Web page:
FIFTEEN leading Chinese scientists have visited Australia’s capital to discuss and find solutions to problems associated with an ageing population.
Delegates converged on the Australian Academy of Science in Canberra for a two-day conference earlier this week to examine ways to deal with people’s desire to live independently for longer.
The average life expectancy for both China and Australia is now around 70 years or above, leading to an increase in age related diseases such as type two diabetes and Alzheimer’s disease.
According to symposium co-chair Professor Bob Williamson this means that there will be increased pressure on our health system.
“Not only has China become a world economic power, but its population, especially in the cities, lives about as long as we do, and suffers from the same burden of chronic disease associated with ageing,” Prof Williamson said.
“It’s important to use our best scientific knowledge to help implement intervention strategies to reduce the burden of these diseases.”
The use of new techniques based on stem cells, medical bionic ears and eyes, and nanotechnology were all presented throughout the conference.
Prof Williamson said a miniature device that could enter the arteries and tell when someone was about to have a heart attack was extremely exciting.
“This helps a lot as the sooner something like a heart attack is detected the better off the patient will be,” he said.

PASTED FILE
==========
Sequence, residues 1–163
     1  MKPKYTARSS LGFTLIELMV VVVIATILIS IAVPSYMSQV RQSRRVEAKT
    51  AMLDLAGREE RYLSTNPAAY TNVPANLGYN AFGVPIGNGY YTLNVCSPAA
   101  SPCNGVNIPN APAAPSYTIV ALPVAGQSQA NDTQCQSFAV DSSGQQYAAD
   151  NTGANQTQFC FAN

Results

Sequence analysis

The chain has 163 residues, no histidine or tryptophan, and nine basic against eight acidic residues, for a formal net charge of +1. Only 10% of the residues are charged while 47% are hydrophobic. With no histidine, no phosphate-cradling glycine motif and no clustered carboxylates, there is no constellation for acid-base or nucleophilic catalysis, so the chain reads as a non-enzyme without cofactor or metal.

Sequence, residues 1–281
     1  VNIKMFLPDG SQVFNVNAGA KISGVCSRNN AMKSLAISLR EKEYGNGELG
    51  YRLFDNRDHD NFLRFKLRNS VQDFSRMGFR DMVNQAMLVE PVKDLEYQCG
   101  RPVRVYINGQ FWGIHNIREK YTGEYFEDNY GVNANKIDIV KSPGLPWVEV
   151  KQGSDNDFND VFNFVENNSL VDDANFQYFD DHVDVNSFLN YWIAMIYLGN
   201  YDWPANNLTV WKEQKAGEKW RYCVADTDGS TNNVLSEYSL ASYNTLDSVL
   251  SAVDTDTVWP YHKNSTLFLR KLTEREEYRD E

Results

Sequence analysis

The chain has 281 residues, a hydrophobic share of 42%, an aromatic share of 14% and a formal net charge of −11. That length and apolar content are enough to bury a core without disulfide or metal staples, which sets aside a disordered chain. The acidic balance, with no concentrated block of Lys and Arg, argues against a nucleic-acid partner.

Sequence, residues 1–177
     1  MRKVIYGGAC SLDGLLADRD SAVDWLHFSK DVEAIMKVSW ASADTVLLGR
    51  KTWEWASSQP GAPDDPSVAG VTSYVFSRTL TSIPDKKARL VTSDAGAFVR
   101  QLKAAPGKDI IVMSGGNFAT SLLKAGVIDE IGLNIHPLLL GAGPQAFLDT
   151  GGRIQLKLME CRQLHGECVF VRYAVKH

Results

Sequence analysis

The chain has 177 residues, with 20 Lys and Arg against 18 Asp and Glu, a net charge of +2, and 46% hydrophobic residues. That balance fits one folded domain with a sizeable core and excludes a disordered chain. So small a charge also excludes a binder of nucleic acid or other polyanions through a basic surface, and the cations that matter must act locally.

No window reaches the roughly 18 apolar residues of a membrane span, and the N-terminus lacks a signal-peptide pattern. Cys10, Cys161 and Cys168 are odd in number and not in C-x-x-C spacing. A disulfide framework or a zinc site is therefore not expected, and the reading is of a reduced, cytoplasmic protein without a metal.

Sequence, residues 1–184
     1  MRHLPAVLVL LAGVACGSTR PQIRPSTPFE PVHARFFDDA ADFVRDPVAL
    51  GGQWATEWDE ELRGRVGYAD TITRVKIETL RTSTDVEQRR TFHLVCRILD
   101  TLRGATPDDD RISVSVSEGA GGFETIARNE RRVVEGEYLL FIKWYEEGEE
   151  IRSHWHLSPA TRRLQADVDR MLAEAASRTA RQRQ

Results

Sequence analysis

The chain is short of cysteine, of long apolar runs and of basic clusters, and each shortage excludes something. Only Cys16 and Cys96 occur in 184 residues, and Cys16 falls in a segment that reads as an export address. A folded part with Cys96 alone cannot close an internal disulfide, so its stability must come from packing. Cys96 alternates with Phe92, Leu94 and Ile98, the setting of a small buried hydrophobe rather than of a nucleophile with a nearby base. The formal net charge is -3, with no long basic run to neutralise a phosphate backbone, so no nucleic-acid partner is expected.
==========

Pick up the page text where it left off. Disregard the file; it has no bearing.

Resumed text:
The symposium’s co-chair said there have been four to five important collaborations between scientific organisations with heavy Chinese investment in Australian ideas.
“These collaborations allow Australian universities access to infrastructure and equipment they wouldn’t usually have access to.”
“Australia is very good at basic research and genetics, while the Chinese are good at turning this research into products.”
“Putting these elements together has been met with tremendous enthusiasm and both hardware and software have been provided by Chinese.”
Prof Williamson welcomed $10 million of Australian government funding to facilitate exchanges of scientists between universities
“Australia and China together can lead our region in providing innovative responses to this [healthcare] challenge, reducing the economic and social burden on families, communities and nations.”